Mickey Ginsburg takes a break from work at the Old Pueblo Pharmacy in Sonoita. Photo by Pat McNamara

Musician, horseman, pharmacist and the oldest working pharmacy owner in Arizona, Myron (Mickey) Ginsburg, at 88, is still working at his drug store in Sonoita. Born in Cleveland, Ohio in 1931, he moved to Tucson in 1941 with his family. 

Music entered Ginsburg’s life early when he was just five as he was asthmatic and not able to be as physically active as his peers. He studied violin and continued playing into his adult years as a member of the University of Arizona Symphony and later played in the Southern Arizona Symphony. To this day, Ginsburg laments that perhaps a career as a musician would have been a good choice for him.

Ginsburg was also active in the Boy Scouts, earning his Eagle Scout badge in 1945. Four years later he became a scout master. The Arizona National Guard then claimed him, where he served from 1948 to 1951 while attending the University of Arizona studying pharmaceutical science. As a student he was a member of Kappa Psi Honorary Fraternity and the Tri Delta Phi Fraternity. 

He graduated with his degree in 1952 and joined his pharmacist father at their Tucson drug store. When the polio epidemic was prevalent in the U.S., Ginsburg was one of the early, ground breaking participants in dispensing the vaccine on sugar cubes to the locals in Tucson. 

After the death of his father in 1969, Ginsburg took over the business until finally selling it in 1977. From there, he worked for a number of years at a pharmacy chain before opening Old Pueblo Pharmacy in Sonoita in 1999.

Ginsburg’s other passion along with his music, is horses. Specifically race horses. His mother told the story that when he was just two years old, she took him to a circus in Ohio where he slipped away from her. She finally found him on the back of one of the circus performer’s horses, having persuaded the owner to let him ride.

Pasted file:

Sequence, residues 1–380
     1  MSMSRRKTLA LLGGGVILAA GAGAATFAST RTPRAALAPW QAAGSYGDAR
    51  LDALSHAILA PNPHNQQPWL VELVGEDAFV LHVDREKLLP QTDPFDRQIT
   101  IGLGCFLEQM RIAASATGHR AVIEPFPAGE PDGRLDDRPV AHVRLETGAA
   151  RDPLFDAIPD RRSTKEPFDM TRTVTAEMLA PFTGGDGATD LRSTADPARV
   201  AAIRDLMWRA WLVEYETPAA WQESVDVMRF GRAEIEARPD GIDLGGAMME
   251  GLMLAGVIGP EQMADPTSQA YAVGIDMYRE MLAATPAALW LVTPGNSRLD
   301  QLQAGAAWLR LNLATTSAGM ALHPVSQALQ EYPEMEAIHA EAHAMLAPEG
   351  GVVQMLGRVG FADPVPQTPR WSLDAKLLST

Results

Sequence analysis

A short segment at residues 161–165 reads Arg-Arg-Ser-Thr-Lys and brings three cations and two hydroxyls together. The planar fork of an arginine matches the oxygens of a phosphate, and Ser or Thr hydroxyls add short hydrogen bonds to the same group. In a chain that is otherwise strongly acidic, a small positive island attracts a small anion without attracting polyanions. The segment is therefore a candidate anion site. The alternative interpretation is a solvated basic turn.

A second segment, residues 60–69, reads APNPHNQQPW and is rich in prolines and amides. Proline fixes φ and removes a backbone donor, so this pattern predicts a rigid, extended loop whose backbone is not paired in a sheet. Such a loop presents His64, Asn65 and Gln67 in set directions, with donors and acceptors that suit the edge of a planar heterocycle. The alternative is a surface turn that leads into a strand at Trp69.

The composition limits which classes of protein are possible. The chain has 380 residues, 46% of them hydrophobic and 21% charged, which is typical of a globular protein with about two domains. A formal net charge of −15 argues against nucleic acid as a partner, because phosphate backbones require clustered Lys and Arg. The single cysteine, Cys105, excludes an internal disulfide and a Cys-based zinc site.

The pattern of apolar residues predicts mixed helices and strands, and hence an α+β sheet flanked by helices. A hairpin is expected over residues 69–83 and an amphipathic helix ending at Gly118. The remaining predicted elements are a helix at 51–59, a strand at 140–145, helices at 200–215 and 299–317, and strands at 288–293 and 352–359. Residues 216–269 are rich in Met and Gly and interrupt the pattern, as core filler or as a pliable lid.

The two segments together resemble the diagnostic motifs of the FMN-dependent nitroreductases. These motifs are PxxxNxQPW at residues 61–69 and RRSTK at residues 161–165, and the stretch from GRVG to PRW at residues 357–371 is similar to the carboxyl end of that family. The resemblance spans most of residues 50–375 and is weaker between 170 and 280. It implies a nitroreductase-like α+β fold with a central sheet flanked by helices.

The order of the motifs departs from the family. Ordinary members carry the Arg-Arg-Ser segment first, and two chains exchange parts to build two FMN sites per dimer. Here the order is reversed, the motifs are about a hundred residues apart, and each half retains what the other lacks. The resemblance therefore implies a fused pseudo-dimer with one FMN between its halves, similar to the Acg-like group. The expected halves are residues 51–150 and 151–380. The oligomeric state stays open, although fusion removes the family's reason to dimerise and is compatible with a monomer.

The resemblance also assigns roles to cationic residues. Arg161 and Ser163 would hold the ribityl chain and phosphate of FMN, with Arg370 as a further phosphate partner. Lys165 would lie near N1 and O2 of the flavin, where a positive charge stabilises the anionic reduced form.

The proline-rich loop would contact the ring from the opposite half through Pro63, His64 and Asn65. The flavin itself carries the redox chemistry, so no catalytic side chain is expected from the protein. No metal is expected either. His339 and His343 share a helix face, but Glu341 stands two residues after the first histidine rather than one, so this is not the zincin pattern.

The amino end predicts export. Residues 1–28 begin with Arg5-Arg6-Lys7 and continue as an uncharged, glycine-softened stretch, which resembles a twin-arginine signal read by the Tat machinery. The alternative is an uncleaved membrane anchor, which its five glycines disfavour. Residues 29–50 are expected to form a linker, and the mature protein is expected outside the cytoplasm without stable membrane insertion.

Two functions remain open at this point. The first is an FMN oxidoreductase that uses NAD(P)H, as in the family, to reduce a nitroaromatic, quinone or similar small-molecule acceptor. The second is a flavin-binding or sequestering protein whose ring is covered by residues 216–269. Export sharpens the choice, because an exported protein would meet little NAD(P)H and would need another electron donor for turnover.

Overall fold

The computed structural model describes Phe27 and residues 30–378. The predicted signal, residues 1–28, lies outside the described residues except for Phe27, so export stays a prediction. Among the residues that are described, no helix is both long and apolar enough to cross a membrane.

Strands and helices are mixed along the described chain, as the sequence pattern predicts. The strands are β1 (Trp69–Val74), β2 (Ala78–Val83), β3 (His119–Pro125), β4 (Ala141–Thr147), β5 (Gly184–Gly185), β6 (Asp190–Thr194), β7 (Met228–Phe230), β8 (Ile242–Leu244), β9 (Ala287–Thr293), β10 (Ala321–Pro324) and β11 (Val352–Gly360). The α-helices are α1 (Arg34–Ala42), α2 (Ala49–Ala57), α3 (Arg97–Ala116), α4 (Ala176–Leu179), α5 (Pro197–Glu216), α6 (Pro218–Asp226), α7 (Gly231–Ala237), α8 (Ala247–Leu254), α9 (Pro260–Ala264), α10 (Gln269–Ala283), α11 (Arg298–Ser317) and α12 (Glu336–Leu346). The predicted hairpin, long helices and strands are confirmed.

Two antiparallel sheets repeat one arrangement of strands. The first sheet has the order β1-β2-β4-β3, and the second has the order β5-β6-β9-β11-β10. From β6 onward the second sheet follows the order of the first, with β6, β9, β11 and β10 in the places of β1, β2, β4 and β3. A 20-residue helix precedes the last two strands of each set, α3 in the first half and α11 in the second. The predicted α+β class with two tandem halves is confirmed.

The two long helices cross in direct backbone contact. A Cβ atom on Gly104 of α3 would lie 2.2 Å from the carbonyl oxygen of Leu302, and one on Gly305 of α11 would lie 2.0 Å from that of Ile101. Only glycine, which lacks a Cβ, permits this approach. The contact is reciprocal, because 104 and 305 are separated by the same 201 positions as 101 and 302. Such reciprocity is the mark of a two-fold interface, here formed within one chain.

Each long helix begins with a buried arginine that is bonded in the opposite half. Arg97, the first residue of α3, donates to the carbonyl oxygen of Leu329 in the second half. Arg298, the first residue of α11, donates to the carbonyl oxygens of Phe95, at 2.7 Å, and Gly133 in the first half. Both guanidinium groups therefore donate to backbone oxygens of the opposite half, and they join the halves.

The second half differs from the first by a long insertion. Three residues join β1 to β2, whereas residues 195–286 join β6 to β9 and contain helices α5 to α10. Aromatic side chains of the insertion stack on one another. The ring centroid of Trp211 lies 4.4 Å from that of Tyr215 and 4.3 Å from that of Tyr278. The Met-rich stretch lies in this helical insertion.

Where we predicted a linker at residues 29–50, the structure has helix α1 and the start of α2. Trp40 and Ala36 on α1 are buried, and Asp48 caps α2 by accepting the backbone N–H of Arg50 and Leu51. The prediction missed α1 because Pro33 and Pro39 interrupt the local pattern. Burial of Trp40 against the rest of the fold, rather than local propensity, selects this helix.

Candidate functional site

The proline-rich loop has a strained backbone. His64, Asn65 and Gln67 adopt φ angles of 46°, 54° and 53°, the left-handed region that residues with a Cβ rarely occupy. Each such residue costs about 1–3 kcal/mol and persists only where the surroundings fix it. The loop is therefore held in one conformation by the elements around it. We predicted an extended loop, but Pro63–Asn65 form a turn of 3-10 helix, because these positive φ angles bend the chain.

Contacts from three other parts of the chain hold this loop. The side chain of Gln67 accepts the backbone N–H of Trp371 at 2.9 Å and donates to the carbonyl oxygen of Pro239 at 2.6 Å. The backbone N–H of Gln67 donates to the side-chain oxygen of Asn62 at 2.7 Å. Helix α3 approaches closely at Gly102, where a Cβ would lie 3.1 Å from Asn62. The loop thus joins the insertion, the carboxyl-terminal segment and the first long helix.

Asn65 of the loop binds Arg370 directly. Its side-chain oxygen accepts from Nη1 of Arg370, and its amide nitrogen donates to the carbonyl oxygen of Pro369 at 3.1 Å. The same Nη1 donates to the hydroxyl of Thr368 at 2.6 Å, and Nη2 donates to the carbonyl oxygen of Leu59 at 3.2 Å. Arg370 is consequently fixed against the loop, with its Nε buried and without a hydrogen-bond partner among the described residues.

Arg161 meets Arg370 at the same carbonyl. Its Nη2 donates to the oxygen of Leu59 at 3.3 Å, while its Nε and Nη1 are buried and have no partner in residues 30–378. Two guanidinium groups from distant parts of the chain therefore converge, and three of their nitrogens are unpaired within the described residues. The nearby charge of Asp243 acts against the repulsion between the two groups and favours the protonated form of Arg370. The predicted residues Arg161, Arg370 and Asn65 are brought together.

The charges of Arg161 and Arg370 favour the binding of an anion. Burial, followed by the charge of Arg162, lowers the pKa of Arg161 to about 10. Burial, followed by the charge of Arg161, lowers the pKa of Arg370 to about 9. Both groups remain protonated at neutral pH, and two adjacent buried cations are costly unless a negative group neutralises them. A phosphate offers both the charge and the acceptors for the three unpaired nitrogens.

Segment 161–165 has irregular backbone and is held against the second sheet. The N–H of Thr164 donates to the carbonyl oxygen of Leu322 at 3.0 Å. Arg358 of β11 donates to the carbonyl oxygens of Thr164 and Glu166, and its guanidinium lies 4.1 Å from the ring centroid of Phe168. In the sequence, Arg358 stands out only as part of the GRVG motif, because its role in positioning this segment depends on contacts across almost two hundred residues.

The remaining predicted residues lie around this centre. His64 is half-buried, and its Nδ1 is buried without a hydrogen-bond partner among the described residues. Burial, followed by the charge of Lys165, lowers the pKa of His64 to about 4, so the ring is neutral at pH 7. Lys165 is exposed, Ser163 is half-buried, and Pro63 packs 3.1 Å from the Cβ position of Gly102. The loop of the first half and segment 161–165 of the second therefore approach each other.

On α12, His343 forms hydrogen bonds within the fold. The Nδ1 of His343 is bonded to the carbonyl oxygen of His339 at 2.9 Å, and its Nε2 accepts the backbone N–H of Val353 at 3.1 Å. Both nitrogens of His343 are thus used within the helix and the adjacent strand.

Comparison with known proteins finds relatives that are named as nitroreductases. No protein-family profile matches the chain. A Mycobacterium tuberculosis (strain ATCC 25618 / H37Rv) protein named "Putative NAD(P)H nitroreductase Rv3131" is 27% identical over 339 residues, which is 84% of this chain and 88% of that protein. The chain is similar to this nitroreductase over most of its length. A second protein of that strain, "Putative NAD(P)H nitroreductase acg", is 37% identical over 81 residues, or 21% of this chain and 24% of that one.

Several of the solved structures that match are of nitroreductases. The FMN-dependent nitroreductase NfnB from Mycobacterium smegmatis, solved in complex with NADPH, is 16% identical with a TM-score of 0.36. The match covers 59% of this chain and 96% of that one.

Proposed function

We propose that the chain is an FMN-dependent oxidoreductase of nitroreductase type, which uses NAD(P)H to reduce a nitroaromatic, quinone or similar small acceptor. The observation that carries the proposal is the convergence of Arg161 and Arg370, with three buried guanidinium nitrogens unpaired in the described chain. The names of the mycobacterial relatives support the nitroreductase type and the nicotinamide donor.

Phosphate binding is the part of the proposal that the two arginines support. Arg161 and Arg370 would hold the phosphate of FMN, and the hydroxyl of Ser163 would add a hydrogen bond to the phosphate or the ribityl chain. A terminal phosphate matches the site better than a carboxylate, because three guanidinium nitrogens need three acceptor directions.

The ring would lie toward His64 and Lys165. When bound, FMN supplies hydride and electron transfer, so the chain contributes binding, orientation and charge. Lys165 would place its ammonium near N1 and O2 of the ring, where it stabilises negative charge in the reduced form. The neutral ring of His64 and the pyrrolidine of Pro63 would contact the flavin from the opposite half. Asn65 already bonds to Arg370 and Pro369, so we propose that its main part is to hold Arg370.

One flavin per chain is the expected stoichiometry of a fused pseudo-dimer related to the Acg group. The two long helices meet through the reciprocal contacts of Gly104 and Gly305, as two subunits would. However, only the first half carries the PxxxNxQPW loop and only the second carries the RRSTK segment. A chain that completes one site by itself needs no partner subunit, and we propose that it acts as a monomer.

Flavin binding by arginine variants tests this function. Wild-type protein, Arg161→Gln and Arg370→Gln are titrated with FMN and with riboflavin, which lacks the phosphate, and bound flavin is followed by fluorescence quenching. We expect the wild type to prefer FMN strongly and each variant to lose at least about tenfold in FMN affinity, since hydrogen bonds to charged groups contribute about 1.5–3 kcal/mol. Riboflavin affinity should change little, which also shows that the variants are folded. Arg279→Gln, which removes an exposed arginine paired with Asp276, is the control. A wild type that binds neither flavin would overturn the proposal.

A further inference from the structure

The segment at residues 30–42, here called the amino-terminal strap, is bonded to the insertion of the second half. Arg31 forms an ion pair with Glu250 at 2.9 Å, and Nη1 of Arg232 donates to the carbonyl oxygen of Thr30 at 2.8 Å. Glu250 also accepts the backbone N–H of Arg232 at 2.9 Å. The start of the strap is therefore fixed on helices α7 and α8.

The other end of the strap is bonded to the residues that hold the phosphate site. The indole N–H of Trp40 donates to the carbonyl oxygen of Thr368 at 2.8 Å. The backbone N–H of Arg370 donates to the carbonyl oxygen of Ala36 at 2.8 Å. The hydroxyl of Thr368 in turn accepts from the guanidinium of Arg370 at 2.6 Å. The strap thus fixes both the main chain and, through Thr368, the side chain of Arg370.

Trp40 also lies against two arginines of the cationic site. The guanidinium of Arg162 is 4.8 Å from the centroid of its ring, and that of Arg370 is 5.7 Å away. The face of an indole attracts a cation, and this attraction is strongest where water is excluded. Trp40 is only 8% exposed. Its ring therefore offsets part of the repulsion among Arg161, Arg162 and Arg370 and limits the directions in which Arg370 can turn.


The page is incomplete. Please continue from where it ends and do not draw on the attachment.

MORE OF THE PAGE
Having had his own horse as a child in Tucson, Ginsburg retained his love of horses his whole life. In 1957 a friend of Ginsburg owned a racehorse and needed a partner to help with the training and expenses and that started Ginsburg on his road to training racehorses in Tucson and Elgin. At his Elgin Farm Racing Stables, Ginsburg has successfully raised and trained thoroughbreds and quarter horses for the track and still owns five horses, actively preparing them for their future. Ginsburg related that the feeling of coming down the homestretch at 40 miles an hour is like flying, though it’s been a while since he has done that.

Ginsburg and his wife Betty Lou raised five children. She came into the union with one son and they added four more children to the family throughout the years. Though he and Betty Lou are no longer together, Ginsburg still sees his children, now with nine grandchildren and five great grandchildren as they live nearby in the Tucson area. His eldest son is a pharmacist, carrying on the tradition passed from his father and grandfather. 

Sonoita is fortunate to have Mickey Ginsburg, both as a business owner serving the community and a dispenser of many stories of past adventures in his years as a horseman, a musician and a long-time Arizona resident.